The RLA has given evidence to the Work and Pensions Select Committee on the troubled roll out of Universal Credit.
RLA senior policy officer Natalie Williamson asked the committee to recommend halting the roll out of Universal Credit until more work is done with PRS landlords to iron out the glitches and snags they are facing.
Key to this is looking at the delays in payments to claimants, including the seven day ‘waiting days’ plus the average six-seven weeks that it takes for payments to reach tenants which almost immediately puts them at eight weeks arrears and at risk of eviction.
Arrears are also continuing to escalate with direct payments not being processed quickly enough.
Questioning focused on how the roll-out of the Universal Credit full service is progressing, looking at its implications for PRS landlords, as well as social landlords and councils, as well as looking at whether the accelerated roll-out from October 2017 should go ahead as planned.
The RLA stressed the playing field between PRS landlords and social landlords needs to be fairer, with better access to information around tenants’ claims and applying for direct payments needed for PRS landlords.
This could include developing a portal for private landlords, similar to that available to the social housing sector. The association also suggested developing a trusted status model for the PRS, so that private landlords can also see which tenants may benefit from direct payments.
The RLA asked that the Minister reconsider tenant choice for direct payment to the landlord and said that overall there needs to be more done by DWP to give landlords in the PRS more confidence that the system can work for them.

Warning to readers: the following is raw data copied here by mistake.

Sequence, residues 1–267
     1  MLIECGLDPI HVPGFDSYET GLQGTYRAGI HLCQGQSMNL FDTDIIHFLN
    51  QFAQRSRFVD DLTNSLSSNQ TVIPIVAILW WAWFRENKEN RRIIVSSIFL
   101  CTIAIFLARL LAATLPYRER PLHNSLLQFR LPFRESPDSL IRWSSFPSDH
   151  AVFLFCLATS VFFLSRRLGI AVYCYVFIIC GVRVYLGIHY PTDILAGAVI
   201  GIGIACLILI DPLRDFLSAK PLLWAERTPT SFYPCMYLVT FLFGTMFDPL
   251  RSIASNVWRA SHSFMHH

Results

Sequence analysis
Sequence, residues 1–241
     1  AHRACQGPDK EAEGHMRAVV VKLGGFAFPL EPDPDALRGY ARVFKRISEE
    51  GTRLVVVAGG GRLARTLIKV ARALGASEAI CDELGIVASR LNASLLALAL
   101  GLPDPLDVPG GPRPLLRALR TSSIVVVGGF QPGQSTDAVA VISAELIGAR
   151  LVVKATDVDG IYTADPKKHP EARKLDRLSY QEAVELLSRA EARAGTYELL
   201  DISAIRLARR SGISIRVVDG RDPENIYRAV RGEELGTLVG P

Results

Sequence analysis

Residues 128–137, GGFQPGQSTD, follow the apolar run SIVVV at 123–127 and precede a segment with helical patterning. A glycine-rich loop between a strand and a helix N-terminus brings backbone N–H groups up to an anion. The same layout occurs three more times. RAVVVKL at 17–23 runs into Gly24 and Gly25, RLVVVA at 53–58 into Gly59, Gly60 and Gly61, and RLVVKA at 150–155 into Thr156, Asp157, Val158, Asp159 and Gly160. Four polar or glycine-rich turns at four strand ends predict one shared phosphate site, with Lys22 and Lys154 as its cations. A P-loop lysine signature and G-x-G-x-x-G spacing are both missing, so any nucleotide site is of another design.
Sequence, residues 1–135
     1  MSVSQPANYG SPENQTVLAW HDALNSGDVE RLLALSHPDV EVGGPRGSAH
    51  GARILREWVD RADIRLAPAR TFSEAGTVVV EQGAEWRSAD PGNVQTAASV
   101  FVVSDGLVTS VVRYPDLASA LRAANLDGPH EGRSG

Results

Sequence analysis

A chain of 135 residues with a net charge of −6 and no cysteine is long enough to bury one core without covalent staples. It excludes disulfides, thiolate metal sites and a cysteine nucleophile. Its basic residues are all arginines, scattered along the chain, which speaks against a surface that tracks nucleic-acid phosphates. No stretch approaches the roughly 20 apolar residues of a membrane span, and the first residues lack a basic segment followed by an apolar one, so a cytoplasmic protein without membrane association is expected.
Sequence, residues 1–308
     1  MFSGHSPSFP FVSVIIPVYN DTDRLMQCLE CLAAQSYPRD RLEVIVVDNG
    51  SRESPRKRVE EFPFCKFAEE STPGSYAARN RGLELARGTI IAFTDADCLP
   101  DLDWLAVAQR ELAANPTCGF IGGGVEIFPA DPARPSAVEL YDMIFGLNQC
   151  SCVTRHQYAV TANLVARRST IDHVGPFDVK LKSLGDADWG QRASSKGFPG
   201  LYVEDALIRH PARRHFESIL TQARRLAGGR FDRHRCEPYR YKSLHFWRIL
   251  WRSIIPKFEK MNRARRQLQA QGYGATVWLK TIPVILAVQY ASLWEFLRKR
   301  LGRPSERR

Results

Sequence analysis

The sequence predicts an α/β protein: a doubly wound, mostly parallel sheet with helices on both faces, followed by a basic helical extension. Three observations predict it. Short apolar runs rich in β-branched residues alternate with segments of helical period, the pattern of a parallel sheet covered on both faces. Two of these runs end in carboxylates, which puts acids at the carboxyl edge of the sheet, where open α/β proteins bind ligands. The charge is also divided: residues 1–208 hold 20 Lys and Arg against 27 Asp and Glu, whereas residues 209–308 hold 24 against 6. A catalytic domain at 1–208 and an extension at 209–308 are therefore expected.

The committee was told warning signs are already there with a 10 percentage point increase in rent arrears in just a year from 27% in 2016 to 38% in 2017 since housing costs were paid directly to the tenant under Universal credit – and warned that ultimately PRS landlords will no longer rent to tenants on benefits if the system isn’t improved urgently.
This was the first evidence session for the newly reformed committee, held at Portcullis House.
In addition to the RLA evidence was given by representatives of Liverpool City Council, Plymouth Community Homes, Your Homes Newcastle and Southwark Council as well as Citizens Advice, Wirral Foodbank and the Scottish Federation of Housing Associations.
To watch a video of the Select Committee click here.
To read the RLAs recent research report on welfare reform click here.
To view the RLA guide to Universal Credit and the way it operates click here.
The RLA runs a course on Universal Credit including information on how the benefit is assessed and paid, changes that will affect the award and payments, rental income and rent arrears control. For information and to book click here.